It may just take longer for the baby to get his or her fill.


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How Often Should I Power Pump to Increase Milk Supply?

Ideally, once a day of power pump (1 hour) is enough, but there are also some who power pump twice a day with no issues.

If there are scheduling issues, especially for working moms, you can opt to divide a session into two 30-minute sessions.

The bottom line is every experience and result won’t be the same for everyone who is power pumping since we also need to consider other factors that play a role in either the increase or decrease in milk supply.

Always consult an expert for proper advice.

Other Tips to Make Power Pumping More Effective

There are several things that you can do to make power pumping work for you.

Like everything in life, it’s better to have a little bit of preparation for better results.

Below is a checklist of things that’ll help make power pumping more effective:

1. Use a right pump and if possible, get a double electric breast pump. Sure, a single pump will do but a double pump will make it less time consuming.

Make sure to read the breast pump manual so you’ll know how to use the equipment properly, also check if you have the right breast pump size. 

2. Getting a good pumping bra will make power pumping easier especially for working moms. There’s no need to remove your entire outfit, you simply slide or slip the front cover off, and you’re good to go

3. Gather all the things that you need before you start power-pumping, this way you avoid getting interrupted or need to stand up multiple times to fetch what you need. 

4. Inform your family member what you’re doing so they can watch over the baby, and you can power pump uninterrupted

5. Listen to soothing music to help you relax to make power pumping more relaxing for you. Let-down reflex will be better if you are free from stress

6. Use nipple cream after every power pumping session to keep your nipples blister-free

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7. Do something that you enjoy doing while power pumping to help you relax.

You can either knit, read, paint your nails or catch-up on your favorite series, the session becomes a more enjoyable experience

8. Rinse your breast pump flanges under warm water before using it or place a warm cloth over your breasts before pumping as this can help stimulate milk flow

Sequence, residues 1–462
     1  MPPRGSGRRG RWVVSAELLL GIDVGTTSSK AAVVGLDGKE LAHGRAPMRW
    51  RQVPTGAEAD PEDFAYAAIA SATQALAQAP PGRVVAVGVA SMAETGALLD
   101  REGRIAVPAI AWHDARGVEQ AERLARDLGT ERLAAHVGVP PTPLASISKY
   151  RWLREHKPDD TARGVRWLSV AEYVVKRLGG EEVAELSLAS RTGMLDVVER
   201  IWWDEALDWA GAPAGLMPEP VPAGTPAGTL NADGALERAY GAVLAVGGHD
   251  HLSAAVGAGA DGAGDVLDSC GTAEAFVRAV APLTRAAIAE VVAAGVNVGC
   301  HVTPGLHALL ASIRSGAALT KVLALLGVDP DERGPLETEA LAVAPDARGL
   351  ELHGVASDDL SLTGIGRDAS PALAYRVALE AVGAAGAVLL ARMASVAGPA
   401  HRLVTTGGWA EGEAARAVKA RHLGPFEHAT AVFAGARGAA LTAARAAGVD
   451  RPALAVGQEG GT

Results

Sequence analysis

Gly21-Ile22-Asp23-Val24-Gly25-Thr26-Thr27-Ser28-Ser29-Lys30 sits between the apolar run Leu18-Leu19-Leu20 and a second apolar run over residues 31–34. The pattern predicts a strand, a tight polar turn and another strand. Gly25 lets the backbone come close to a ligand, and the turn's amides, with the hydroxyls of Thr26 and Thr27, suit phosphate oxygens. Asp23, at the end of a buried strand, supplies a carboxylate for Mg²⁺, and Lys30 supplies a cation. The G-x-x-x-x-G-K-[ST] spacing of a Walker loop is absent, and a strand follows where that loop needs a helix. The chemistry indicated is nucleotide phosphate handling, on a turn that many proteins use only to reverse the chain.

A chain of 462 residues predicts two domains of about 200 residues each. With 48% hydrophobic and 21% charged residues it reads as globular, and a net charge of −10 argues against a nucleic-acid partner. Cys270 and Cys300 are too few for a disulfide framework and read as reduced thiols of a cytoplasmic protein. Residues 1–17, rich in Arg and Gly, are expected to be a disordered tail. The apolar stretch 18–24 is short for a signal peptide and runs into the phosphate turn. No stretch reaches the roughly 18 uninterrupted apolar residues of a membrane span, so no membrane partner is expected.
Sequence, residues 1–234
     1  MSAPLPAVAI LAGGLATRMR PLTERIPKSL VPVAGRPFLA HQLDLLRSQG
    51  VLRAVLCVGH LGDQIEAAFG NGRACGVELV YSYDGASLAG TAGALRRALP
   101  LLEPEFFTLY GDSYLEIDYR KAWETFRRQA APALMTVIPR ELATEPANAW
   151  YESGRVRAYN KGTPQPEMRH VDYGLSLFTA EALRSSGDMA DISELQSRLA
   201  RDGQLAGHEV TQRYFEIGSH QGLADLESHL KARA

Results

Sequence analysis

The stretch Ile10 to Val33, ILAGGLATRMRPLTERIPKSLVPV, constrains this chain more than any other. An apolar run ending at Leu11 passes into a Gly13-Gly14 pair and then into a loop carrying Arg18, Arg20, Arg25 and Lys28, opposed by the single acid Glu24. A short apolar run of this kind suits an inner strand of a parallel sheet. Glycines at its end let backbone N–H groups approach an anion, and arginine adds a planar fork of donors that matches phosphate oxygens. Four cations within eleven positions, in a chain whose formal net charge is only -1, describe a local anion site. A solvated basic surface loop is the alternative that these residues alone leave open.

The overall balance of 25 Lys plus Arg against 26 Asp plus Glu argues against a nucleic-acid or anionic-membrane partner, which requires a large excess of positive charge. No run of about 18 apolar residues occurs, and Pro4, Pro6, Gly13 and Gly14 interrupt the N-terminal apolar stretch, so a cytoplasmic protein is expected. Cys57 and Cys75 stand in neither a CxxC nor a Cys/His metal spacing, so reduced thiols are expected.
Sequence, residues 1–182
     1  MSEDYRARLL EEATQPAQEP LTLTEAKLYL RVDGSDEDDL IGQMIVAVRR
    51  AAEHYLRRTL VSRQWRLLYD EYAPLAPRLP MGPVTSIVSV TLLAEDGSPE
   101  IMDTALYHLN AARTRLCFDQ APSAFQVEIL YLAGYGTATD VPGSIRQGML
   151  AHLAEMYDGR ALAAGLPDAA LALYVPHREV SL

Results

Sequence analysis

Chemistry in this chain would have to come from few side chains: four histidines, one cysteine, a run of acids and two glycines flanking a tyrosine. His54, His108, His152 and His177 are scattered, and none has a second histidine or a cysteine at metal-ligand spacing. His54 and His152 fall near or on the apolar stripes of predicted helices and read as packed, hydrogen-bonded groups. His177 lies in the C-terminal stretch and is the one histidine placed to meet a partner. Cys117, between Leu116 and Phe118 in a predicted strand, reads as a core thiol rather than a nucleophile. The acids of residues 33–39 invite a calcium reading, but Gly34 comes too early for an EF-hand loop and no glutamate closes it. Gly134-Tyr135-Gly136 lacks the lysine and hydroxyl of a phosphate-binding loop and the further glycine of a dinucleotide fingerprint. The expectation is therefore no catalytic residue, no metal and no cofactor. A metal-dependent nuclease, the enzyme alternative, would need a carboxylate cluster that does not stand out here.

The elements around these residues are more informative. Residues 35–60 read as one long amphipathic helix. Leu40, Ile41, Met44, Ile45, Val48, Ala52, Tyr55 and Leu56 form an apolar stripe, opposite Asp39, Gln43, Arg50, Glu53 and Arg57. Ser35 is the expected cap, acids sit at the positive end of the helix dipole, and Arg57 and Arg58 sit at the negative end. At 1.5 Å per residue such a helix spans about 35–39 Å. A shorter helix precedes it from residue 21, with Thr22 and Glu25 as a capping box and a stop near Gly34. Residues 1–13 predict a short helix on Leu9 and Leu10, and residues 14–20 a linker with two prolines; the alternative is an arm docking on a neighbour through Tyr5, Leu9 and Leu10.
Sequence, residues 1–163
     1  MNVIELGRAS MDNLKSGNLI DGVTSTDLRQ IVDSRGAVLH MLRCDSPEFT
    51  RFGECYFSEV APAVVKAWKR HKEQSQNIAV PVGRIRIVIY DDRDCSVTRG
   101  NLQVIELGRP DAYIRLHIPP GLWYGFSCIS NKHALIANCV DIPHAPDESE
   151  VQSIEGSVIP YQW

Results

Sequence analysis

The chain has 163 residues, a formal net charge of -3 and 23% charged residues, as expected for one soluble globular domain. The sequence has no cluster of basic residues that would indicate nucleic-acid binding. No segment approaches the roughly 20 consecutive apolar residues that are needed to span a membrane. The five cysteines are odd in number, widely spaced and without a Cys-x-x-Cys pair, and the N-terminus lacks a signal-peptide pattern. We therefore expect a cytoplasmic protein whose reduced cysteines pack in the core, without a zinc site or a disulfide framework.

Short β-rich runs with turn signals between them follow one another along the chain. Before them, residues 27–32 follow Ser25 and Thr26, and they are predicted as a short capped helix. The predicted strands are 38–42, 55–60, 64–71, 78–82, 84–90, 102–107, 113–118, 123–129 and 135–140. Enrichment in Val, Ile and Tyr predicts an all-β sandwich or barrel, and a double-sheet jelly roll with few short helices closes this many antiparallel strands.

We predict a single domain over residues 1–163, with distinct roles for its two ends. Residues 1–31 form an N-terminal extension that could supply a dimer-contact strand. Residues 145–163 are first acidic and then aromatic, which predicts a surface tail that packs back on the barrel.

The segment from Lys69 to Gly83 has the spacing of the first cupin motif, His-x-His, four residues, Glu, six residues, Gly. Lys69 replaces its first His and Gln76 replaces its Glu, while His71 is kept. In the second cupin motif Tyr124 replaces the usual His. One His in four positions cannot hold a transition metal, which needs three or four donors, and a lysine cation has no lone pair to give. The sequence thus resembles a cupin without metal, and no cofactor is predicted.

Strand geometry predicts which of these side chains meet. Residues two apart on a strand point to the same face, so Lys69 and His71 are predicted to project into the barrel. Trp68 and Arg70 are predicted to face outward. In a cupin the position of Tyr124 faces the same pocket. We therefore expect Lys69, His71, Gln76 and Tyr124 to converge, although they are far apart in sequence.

9. Keep your daily power pumping session, and try not to skip a day. Consistency is vital for you to see positive results

10. Talk to your doctor or lactation expert so they can give you additional tips on how to improve breast pumping output and increase milk supply

11. Make sure you are sitting comfortably to avoid back pain.

What to do if power pumping doesn’t work for you?

Always remember to give it time to work as there is no such thing as overnight success in power pumping.

Some mothers see an increase in their output after only two to three days of doing it, while some only start seeing the results after a week or so.

Unfortunately, there are some mothers who reported not seeing any change in their milk supply at all.

If you have been consistently power pumping for two weeks or more, but seeing very little to no increase in your milk supply, you should get an appointment with a lactation expert or with your medical doctor so they can check if there are other underlying issues.

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There are other factors affecting milk supply, such as hormonal issues, certain medications, glandular problems, and many others.

Seeking a medical expert will help you identify if any of these is causing your low milk production and prescribe proper medications and or other interventions.

In closing, power pumping can be a very effective remedy to low milk supply, but you need to make sure that it is what you think it is because your baby may be getting just enough milk from you.

Always remember that the body produces milk on a supply and demand system.

If you have confirmation from your doctor or a lactation expert that you have low supply, then power pumping is an option. Just don’t expect results too soon.

Note that it can take three days to a couple of weeks to see changes in your output. 

Also, try to avoid comparing yourself to others, as no two people will have the same experience and results.

Just be consistent with your sessions and forget measuring every output. Remember that your goal is not to produce a lot of milk during each pumping session but to signal your body to produce more milk over time. 

Lastly, pair power pumping with a healthy diet, adequate rest, and hydration so you can get the best result.


If you are planning on breastfeeding your baby or even exclusively pumping I would recommend you take the Milkology course.

It goes through everything you need for breastfeeding and how to become a milk pumping pro.

It is a breastfeeding basics online course, suitable for first time breastfeeding moms and even old timers like me can learn something.

You can read my Milkology review here.

The course is only $22.80 which is an absolute steal!